The crowd in Times Square celebrates together Tuesday night as news outlets begin reporting Obama as the projected winner of the presidential race.
This time, Obama’s campaign was forced to wage a gritty, county-by-county fight. His team spent four years building an elaborate ground game that turned out a winning coalition that looked similar to the one that first carried him into office: women, young voters, African-Americans and, most especially, Latinos.
“I think that shows you how the demographic shifts in the party compositions that started in 2008 have grown bigger,” said Prof. Wendy Schiller of Brown University. “I don’t think you can be as white, male, and as conservative as the GOP was this year and still win a national election.”
Greg Kearney, 18, a Fordham University student (center), celebrates Obama's election victory in Rockefeller Center with a cigar.
The Obama campaign trotted out a team of indefatigable surrogates, including Vice President Biden and former President Bill Clinton, who criss-crossed the battlegrounds day after day. And they relentlessly promoted early voting — more than 30 million Americans cast their ballots before Election Day, including Obama himself.
The President is now the third consecutive incumbent to win a second term.
The bitterness that was evident throughout the race was clear even in the campaign’s final moments.
For more than an hour after the networks declared Obama the winner, Romney remained inside his headquarters, delaying what the math said was inevitable. Like his father before him, the failed White House bid likely ends Romney’s political career.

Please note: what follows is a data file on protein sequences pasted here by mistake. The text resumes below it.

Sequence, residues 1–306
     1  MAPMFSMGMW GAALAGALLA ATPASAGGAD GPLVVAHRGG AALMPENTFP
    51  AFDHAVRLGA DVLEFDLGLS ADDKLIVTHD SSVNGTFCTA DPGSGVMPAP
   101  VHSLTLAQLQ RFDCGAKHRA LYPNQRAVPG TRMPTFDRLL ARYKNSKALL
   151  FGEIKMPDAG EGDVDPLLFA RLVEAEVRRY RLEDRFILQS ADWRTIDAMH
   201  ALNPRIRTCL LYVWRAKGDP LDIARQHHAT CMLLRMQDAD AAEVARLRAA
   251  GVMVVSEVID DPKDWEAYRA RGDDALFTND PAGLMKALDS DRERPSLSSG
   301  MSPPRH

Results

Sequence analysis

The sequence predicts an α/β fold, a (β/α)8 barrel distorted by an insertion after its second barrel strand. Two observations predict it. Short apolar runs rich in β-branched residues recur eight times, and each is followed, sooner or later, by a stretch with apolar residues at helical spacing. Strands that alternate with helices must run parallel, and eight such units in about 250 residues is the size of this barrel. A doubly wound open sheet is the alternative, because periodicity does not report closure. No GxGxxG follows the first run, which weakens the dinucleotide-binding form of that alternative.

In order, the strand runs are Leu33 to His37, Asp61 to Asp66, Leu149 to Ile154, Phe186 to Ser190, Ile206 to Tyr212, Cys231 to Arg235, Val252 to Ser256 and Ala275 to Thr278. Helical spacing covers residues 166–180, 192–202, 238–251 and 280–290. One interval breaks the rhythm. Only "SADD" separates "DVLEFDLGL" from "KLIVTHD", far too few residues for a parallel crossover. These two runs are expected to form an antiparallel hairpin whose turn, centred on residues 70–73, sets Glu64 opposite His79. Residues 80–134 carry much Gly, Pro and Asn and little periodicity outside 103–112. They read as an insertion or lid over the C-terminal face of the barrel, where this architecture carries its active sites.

Ryan, however, won reelection to his House seat in Wisconsin.
Supporters go wild at McCormick Place in Chicago as President Obama wins the election.
The candidates, their parties and outside groups known as Super PACs spent $2.6 billion on the campaign, by far the most in history.
Confusion ran rampant at polling places in states ravaged by Superstorm Sandy and long lines of voters were reported in battlegrounds like Florida, Pennsylvania and Ohio. Both campaigns dispatched lawyers to scores of polling sites to help their supporters cast their ballots — and to gather information for potential lawsuits that could challenge the election’s outcome.
Touting his business experience, Romney pledged to jumpstart an economy that showed consistent, but small, growth during Obama’s first term.
A one-term governor from Massachusetts, Romney failed to capture the Republican nomination in 2008 but entered this year’s GOP primary sweepstakes as the early favorite. But the lengthy primary process, which at times resembled a circus sideshow featured carnival barkers like Herman Cain, Donald Trump and Michele Bachmann, was a harder slog than expected and left Romney bruised heading into a general election fight with Obama’s battle-hardened crew.
The incumbent’s team, based in Chicago rather than Washington, made the tactical decision to spend huge sums of campaign cash early to define Romney as a heartless corporate raider and flip-flopper.
Romney gained ground as a result of his strong performance in the first debate with Obama. But as Election Day neared, Romney’s momentum slowed — in part due to the superstorm.
As Sandy dominated news coverage, Obama took a break from the campaign trail to manage the federal government’s response to the storm, which allowed him to provide leadership in a time of crisis. Obama also sparked a bipartisan bromance with New Jersey Gov. Chris Christie, who had been a top Romney surrogate.
“It was probably a little bit of a lot of things,” a senior Romney adviser told the Daily News. “And when we finally got our footing, along came Sandy.”
President Obama give victory speech.